What the Bond Rally Means for Stocks
Comparing bonds and stocks is crucial for investors. Here is a good current lesson
Bespoke Investment Group does a great job of analyzing trends and historical results. Co-Founder Paul Hickey was featured today on CNBC. As usual, he had some great observations. Without disparaging the other guests, I would like to focus on the hard data he presented.
Paul noted that bonds had rallied 10% in four months. This has happened 14 times in the past and the S&P 500 has been up about 15% on thirteen out of fourteen times. If you add in the combined effect of the stock decline and the bond rally, there are only four occasions and the rally (in all cases) becomes 25%.
Here is the entire interview. Paul's key comments start at about the 3:30 mark.
Paul's key point is one that a few others are noting — the relative valuation of stocks and bonds.
Stocks versus Bonds
Many large players constantly review asset allocation among major investment categories. The forward earnings yield of stocks (perhaps adjusted for some skepticism) is constantly compared to bond yields. I am always surprised when I learn that someone who is basically an equity investor is unaware of the potential yield from alternatives.
One problem is that the projected yields do not reflect overall interest rate changes. It is fine to expect 4.5% or so from long-term corporate bonds, but you will have capital losses if interest rates increase. My analysis suggests that the forward earnings yield of the market has roughly paralleled the rates of lower-grade bonds. You can "reach for yield" and find something that generates 8.5%. That looks good on a day when the market is down two percent.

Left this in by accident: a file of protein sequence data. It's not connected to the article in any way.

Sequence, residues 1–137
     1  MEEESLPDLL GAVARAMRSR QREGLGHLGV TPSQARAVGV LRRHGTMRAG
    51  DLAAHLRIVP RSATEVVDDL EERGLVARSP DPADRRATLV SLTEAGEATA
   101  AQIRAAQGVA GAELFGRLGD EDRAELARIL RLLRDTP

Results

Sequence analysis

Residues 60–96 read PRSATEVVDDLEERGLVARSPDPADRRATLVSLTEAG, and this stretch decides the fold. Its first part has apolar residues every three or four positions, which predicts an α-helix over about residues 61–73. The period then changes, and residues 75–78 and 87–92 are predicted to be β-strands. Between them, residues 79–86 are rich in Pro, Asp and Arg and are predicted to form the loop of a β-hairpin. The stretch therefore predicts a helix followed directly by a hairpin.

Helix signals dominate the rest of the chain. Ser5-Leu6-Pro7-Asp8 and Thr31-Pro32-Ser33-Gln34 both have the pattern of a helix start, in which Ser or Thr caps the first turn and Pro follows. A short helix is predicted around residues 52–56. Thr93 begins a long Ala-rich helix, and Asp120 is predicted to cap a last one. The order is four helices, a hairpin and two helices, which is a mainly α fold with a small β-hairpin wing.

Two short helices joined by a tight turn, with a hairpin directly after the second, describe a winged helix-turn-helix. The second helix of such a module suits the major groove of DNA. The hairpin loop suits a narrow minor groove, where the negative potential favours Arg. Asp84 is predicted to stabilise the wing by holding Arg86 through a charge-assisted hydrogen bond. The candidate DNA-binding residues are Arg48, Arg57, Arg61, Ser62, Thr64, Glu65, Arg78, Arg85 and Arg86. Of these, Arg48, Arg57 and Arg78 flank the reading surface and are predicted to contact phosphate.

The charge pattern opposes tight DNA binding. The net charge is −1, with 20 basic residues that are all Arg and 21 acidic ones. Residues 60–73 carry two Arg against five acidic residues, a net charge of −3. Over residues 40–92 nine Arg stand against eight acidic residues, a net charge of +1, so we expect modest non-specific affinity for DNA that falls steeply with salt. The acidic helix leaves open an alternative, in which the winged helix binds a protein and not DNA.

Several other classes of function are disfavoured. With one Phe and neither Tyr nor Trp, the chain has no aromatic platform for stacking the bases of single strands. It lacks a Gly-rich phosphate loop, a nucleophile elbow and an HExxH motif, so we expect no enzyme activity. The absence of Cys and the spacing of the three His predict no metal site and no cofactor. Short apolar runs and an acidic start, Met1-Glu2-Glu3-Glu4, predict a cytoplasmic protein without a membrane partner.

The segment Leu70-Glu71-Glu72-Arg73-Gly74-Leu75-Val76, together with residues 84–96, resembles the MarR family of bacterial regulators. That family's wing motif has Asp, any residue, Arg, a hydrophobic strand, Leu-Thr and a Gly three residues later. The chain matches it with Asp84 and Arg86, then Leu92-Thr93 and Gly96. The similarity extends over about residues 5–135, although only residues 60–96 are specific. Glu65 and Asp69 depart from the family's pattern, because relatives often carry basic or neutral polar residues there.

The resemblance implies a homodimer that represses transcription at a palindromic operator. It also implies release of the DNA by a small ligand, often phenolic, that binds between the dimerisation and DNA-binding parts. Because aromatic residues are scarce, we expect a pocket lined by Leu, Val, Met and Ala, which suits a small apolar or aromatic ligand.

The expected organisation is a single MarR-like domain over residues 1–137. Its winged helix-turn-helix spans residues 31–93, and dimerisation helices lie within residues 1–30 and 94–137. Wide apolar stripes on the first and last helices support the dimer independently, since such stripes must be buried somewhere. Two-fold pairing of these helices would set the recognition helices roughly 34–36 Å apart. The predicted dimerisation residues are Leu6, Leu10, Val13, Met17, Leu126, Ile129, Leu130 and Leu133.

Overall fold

For most investors, it is better to take a longer view. I find most individual stocks to be more attractive than the corresponding bonds, and the overall stock market more attractive than the overall bond market. This does not mean that you have to be "all in" like the players in the World Series of Poker. Most investors are making the opposite mistake. They are opting for minuscule yields without any attention to long-term growth and inflation.
Meanwhile, most investors are doing the opposite. They see yield as some sort of guarantee while worrying about the risk in stocks.
I wish that more people could have heard the highlighted CNBC segment. It seems like the dramatic predictions — Dow 5000, Dow 1000, the "New Normal — get all of the attention. Not a week goes by without a message from someone who is worried about a market collapse. It is an imbalance of writing, media coverage, and commentary. Most people would do well to consider the likelihood of Dow 20K. A recent CNBC poll found a third of their audience predicting that the market would NEVER reach Dow 12,000. A generation of investors is missing on a chance to own a share of America. It has become fashionable to be negative.
By contrast, take a look at an excellent article by James Altucher. He analyzes trends in earnings, employment, China, and the GDP. Careful readers will note that he accurately cites data. He also has a number of stock suggestions which are now on my watch list for analysis. Meanwhile, the comments section is typical of current feedback for those of us writing on the Internet. The reader feedback can be directly discouraging to authors, but it also influences editors and those hiring writers. The comments of a small minority may affect what regular readers get to see.
Comments could be the ultimate sentiment indicator if someone could figure out a good measure.